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What is a graph database? A better way to store connected data

What is a graph database? A better way to store connected data

Learn why graph databases excel at exploring highly connected data, and how to leverage them in your organization

Key-value, document-oriented, column family, graph, relational... Today we seem to have as many kinds of databases as there are kinds of data. While this may make choosing a database harder, it makes choosing the right database easier. Of course, that does require doing your homework. You’ve got to know your databases. 

One of the least-understood types of databases out there is the graph database. Designed for working with highly interconnected data, a graph database might be described as more “relational” than a relational database. Graph databases shine when the goal is to capture complex relationships in vast webs of information. 

Here is a closer look at what graph databases are, why they’re unlike other databases, and what kinds of data problems they’re built to solve.

Graph database vs. relational database

In a traditional relational or SQL database, the data is organized into tables. Each table records data in a specific format with a fixed number of columns, each column with its own data type (integer, time/date, freeform text, etc.).

This model works best when you’re dealing mainly with data from any one table. It also doesn’t work too badly when you’re aggregating data stored across multiple tables. But that behavior has some notable limits.

Consider a music database, with albums, bands, labels, and performers. If you want to report all the performers that were featured on this album by that band released on these labels—four different tables—you have to explicitly describe those relationships. With a relational database, you accomplish this by way of new data columns (for one-to-one or one-to-many relationships), or new tables (for many-to-many relationships).

This is practical as long as you’re managing a modest number of relationships. If you’re dealing with millions or even billions of relationships—friends of friends of friends, for instance—those queries don’t scale well.

In short, if the relationships between data, not the data itself, are your main concern, then a different kind of database—a graph database—is in order.

Graph database features

The term “graph” comes from the use of the word in mathematics. There it’s used to describe a collection of nodes (or vertices), each containing information (properties), and with labeled relationships (or edges) between the nodes.

A social network is a good example of a graph. The people in the network would be the nodes, the attributes of each person (such as name, age, and so on) would be properties, and the lines connecting the people (with labels such as “friend” or “mother” or “supervisor”) would indicate their relationship.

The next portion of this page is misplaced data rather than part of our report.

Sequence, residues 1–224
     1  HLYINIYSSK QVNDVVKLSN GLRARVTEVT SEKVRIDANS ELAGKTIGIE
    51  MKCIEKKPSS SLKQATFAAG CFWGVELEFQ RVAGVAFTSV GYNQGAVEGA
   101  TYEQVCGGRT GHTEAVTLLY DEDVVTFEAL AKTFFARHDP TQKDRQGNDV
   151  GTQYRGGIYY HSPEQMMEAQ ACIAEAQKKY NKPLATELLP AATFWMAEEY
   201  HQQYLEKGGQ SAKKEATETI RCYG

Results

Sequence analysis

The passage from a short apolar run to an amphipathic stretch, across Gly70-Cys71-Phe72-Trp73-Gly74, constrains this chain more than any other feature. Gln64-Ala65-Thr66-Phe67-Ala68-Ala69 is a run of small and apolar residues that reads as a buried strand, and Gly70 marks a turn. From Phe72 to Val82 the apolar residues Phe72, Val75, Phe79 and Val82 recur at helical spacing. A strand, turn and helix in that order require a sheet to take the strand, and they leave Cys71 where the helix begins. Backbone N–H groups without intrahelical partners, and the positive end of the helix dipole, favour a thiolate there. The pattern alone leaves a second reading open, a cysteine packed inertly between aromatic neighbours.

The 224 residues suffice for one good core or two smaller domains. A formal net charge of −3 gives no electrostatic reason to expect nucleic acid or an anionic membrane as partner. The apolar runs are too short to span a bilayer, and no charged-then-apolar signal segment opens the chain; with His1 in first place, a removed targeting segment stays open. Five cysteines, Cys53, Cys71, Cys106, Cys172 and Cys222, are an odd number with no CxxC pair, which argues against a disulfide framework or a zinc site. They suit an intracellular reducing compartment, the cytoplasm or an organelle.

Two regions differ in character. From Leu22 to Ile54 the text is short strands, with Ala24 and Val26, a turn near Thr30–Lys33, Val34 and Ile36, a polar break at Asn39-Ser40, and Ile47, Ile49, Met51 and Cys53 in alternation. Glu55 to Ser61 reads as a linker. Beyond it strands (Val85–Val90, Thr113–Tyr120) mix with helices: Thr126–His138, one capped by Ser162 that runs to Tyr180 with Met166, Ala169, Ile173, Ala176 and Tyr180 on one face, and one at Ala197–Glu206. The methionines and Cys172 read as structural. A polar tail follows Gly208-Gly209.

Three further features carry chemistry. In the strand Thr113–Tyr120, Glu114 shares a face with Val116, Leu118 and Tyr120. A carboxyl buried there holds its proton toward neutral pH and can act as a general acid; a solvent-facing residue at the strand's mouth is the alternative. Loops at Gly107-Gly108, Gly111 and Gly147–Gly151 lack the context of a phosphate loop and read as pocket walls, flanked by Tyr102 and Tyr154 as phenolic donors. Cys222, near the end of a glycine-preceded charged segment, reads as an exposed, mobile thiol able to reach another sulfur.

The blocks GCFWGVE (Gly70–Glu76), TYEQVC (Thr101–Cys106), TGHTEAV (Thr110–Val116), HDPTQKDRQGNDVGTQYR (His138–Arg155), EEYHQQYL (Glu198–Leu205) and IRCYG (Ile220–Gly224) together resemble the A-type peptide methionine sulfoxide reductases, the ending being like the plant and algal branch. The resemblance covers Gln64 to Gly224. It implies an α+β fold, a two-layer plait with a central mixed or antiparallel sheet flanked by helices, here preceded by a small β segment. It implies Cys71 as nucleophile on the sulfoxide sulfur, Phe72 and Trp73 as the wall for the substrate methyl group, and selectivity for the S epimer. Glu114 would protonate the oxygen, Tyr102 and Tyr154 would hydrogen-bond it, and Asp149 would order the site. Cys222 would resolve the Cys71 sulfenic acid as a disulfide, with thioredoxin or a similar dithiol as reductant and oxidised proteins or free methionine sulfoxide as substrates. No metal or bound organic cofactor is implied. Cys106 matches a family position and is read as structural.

In a conventional database, queries about relationships can take a long time to process. This is because relationships are implemented with foreign keys and queried by joining tables. As any SQL DBA can tell you, performing joins is expensive, especially when you must sort through large numbers of objects—or, worse, when you must join multiple tables to perform the sorts of indirect (e.g. “friend of a friend”) queries that graph databases excel at. 

Graph databases work by storing the relationships along with the data. Because related nodes are physically linked in the database, accessing those relationships is as immediate as accessing the data itself. In other words, instead of calculating the relationship as relational databases must do, graph databases simply read the relationship from storage. Satisfying queries is a simple matter of walking, or “traversing,” the graph.  

A graph database not only stores the relationships between objects in a native way, making queries about relationships fast and easy, but allows you to include different kinds of objects and different kinds of relationships in the graph. Like other NoSQL databases, a graph database is schema-less. Thus, in terms of performance and flexibility, graph databases hew closer to document databases or key-value stores than they do relational or table-oriented databases.

Graph database use cases

Graph databases work best when the data you’re working with is highly connected and should be represented by how it links or refers to other data, typically by way of many-to-many relationships.

Again, a social network is a useful example. Graph databases reduce the amount of work needed to construct and display the data views found in social networks, such as activity feeds, or determining whether or not you might know a given person due to their proximity to other friends you have in the network.